On Thursday the European Banking Authority released the results of the latest European stress tests showing a total capital need of €114.7 billion across 71 banks. While German banks might argue that they got the worst of the surprises, there are plenty more in store for everyone.
Surprise #1: They’re not actually stress tests.
The European Banking Authority really prefers it if you use the term “recapitalization exercise”. Got that? From their FAQs:
Has the EBA conducted a new round of stress tests?
No. The EBA has not conducted a new round of stress tests.
Why do they insist on making what seems like a trivial distinction? This leads us to:
Surprise #2: This time the EBA did not look at how banks would weather a worsening economy.
This is why they’ve re-branded the whole thing. I’ve addressed this crazy rumor before, but now it’s confirmed. Unlike what they did in the July “stress tests”, this time the EBA did not look at the banks’ ability to withstand an environment of higher unemployment, lower GDP and lower house prices, in addition to potential losses on their sovereign exposure. Despite ECB president Mario Draghi also confirming on Thursday what any idiot would already suspect: the European economy has “substantial downside risk” and “high uncertainty”. Despite the fact that the entire EBA exercise is meant “to provide a reassurance to markets about the banks’ ability to withstand a range of shocks and still maintain adequate capital.” Quite.
Surprise #3: The total capital need of €114.7 billion was greater than the EBA’s estimate from late October (€ 106 billion), but far short of the estimates that other analysts have calculated given the EBA’s Core Tier 1 target of 9%.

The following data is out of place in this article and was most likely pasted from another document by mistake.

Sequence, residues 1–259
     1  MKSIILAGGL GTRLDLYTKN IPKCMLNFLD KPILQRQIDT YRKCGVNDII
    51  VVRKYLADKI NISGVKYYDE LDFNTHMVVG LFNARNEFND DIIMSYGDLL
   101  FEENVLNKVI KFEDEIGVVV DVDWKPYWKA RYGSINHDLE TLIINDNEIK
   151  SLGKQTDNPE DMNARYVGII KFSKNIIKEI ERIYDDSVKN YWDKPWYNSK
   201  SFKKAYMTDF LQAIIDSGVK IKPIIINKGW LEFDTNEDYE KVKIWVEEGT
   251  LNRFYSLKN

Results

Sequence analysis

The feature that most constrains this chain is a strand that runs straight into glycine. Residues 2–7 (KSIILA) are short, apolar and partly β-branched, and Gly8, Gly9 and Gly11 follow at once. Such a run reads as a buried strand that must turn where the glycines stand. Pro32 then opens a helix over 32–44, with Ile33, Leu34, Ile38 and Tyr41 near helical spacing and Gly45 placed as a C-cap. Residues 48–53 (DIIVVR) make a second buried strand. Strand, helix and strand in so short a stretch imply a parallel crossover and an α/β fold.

This could be for any number of reasons, including the above-mentioned failure of the EBA to include an adverse economic scenario. But it’s interesting to note that Citigroup and Credit Suisse, are much closer to each other than either is to Reuters or the EBA, itself. Given the politics of the whole exercise, and the EBA’s delicate position in all of this, which source seems more credible?
Surprise #4: The EBA has marked sovereign exposures to market using values as of September 30. It will give the banks until June 2012 to raise the extra cash but it will not recalculate the capital need, regardless of what happens between now and then.
The EBA has calculated what banks would need to raise to reach a Core Tier 1 capital ratio of 9% assuming that sovereign exposures were marked-to-market, not just in the available-for-sale portfolio but also in the held-to-maturity portfolio where the bulk of the exposures tend to sit. Kudos to them for this change–they took a lot of flak for ignoring the HTM portfolio last time around. That being said, it’s absurd to not consider how capital needs might change between now and the deadline for raising it. I understand why it’s tempting to build in such rigidity. Shareholders would love to draw a line under this and to hear, “That’s it, no more, we promise.” But isn’t this also ridiculously short-sighted? After all, it was only this week that S&P placed 15 eurozone countries on review for potential downgrade, including all of those rated AAA. There’s now a very strong chance that these bonds will continue to fall in value. For instance, just look at how the yield on the 10-year French has exploded since then (moving inversely to price.)
Like the entire exercise this facet is meant to reassure but in fact may only make things worse.